If you prepare through diligent planning, training, attending workshops, reading books, asking questions, sitting in the front right seat, getting a mentor, critiquing fires, and running simulators at the fire house, you will do well in the job and on the test. Just be an officer!
As you develop your KSAs for the job, start making the mental paradigm shift from candidate to officer. Assessors are looking for officers, not candidates or test takers. You must enter the process as though you are already a lieutenant, a captain, or a battalion chief. This places you in the proper mindset.
You can accomplish this by entering the assessment center as if you were walking into your fire house and looking at the assessors as members of your crew or officers from another department who came to see how your department does business.
Remember, all of the scenarios, simulations, and exercises you conduct in an assessment center assume that you have been promoted. The sooner you make that mental transition, preferably before game day, the better.
Common exercises start out, “You are the captain of Engine 3. Today is March 7, and it’s your first day with your new crew ….” Another example is, “You are the lieutenant of Engine 10; you will respond to a structure fire.”
The goal of an assessment center is to evaluate your KSAs for the job of fire officer; the only way to do that successfully is to place you in the position of fire officer. A good rule of thumb is to go in as the position you want to be when you come out. If you go into the assessment center as a captain, you will leave as a captain. If you go in as a firefighter, you will leave as a firefighter. This also holds true for incumbent officers who want to promote to chief ranks.
A common struggle for captains testing for battalion chief is to treat the scenarios as a captain. It’s often the subtle actions and comments that separate the battalion chiefs from the captains. Comments such as “They will have to solve this” and “The department will need to address this” do not exude ownership or leadership. The officer, especially a chief officer, needs to realize that he is “they” and that he is the department to the troops and the public. Don’t pass the buck.
Another common pitfall for the aspiring chief officer is failure to take action and create solutions, showing vision, creativity, and initiative. Officers take the lead, and chief officers must drive the organization, not wait to get a map. The need for permission or failure to clearly state what role you will play in solving the problem often results in another trip to the assessment center.
Plan your solutions ahead of time. Spend a lot of time thinking of the current problems and potential solutions in your organization and how you will implement them. If you wait until you are in an assessment center, with the clock ticking, to come up with a good labor/management relationship-building plan, you are too late. As you make the mental paradigm shift to officer, you should be thinking about these things. Your plans must go beyond the generic “improve communications” comment. You must have done serious research in all areas affecting the rank you desire. Roll up your sleeves; get dirty with preparation. When it comes to labor/management, for example, be prepared to illustrate systems such as Relationship by Objectives (Google it), especially how you—not “they”—would implement it.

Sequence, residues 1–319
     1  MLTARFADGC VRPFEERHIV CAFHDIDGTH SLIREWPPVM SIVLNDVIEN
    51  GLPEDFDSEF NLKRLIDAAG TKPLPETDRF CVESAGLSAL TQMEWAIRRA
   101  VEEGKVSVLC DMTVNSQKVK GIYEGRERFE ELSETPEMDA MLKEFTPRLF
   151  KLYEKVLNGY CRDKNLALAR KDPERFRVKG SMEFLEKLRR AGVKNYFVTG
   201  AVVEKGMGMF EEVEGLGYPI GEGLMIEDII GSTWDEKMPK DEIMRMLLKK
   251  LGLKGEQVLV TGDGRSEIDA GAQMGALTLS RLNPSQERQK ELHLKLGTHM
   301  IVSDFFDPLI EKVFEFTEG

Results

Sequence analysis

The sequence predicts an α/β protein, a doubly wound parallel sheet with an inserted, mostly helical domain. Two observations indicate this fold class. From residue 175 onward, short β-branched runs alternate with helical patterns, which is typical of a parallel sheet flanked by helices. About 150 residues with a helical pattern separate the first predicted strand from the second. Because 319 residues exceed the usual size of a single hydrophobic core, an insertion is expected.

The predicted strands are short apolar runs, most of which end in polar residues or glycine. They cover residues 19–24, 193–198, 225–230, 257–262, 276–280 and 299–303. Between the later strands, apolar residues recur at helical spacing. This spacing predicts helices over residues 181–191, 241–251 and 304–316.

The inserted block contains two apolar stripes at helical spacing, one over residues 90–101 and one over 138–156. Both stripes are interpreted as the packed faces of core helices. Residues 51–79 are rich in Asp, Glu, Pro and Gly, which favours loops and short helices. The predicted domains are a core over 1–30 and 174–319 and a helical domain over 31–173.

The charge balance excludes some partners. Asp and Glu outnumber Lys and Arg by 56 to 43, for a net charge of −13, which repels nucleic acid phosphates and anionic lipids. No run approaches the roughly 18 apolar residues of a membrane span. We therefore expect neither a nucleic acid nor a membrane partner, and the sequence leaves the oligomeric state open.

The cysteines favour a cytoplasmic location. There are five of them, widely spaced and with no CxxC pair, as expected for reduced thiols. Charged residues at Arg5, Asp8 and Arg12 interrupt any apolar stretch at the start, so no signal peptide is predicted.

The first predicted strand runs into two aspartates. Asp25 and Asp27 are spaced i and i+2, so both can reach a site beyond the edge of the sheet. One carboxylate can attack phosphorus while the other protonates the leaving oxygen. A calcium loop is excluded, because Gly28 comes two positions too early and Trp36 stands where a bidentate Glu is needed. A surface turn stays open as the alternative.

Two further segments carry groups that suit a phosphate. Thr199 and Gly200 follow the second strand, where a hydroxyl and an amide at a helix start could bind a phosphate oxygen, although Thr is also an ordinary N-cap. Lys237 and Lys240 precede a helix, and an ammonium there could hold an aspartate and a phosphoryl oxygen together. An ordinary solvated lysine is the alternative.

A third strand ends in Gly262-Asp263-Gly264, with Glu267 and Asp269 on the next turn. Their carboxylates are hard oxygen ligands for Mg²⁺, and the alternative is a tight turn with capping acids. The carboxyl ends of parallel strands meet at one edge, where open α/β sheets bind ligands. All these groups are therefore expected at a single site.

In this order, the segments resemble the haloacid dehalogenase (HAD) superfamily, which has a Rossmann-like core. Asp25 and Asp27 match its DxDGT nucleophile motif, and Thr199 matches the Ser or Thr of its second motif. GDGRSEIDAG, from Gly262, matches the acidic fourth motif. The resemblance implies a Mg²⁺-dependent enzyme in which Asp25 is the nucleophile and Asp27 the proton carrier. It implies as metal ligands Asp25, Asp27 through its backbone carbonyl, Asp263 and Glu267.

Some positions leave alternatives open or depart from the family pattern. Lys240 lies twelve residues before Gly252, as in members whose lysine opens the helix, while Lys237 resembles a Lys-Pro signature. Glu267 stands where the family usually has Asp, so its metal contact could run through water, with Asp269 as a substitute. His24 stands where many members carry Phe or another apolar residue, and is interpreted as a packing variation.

Be yourself. So, how do you be yourself in the testing arena? Simply get good at the job before the test to the point that you believe in yourself. Check your baggage, plan, train, and make the mental paradigm shift.
Also, remember that you have nothing to lose. You must adopt an attitude that says, “Even if I don’t make the list this time, I will gain knowledge, skills, and abilities. I will be a better officer, and I still have the greatest job in the world.” This is different from pillow tossing because you did this at the end of the preparation period and still gave it all you have. You simply take an account of your blessings: family, friends, health, and being a firefighter. It’s very liberating to remember that they aren’t testing you so you can keep your job.
Some of my greatest blessings were disappointments when they first happened. I have had to wait for promotions, have been unable to get into the colleges I wanted, and have had many personal challenges. All of these events became blessings because they built character and integrity and allowed me to be empathetic to the next person in line who will go through the same thing. Empathy just happens to be a good officer trait, too.
Many candidates fail the process before they even start because they fail to plan. They start too late and try to read a book or take a class a month before the test. It takes years of dedication to develop the KSAs needed to be a good officer and to perform well in an assessment center.
Books and classes on promotion can be excellent tools. They can help you develop a plan, identify weaknesses, apply improvement strategies, and give you a host of other benefits. In addition, these tools can help you understand the process and any potential roadblocks. However, books and classes are only part of the overall myriad of components that make up a detailed plan.
Firefighters often fail to plan the promotional process. Most candidates buy the books needed, study, and may take a class or two. So much more is needed for the assessment center (and the job).
Conduct a SWOT analysis: strengths, weaknesses, opportunities, and threats. Strengths are those things within our sphere of influence over which we have control (that knowledge, skill, or ability that is within your skin)—for example, good writing skills or the ability to communicate orally. Weaknesses, although within your sphere of influence, are negatives. Perhaps you feel uncomfortable speaking in front of people, or you need to shore up your fireground tactical knowledge. Identify these strengths and weaknesses so you can make a plan that suits your needs.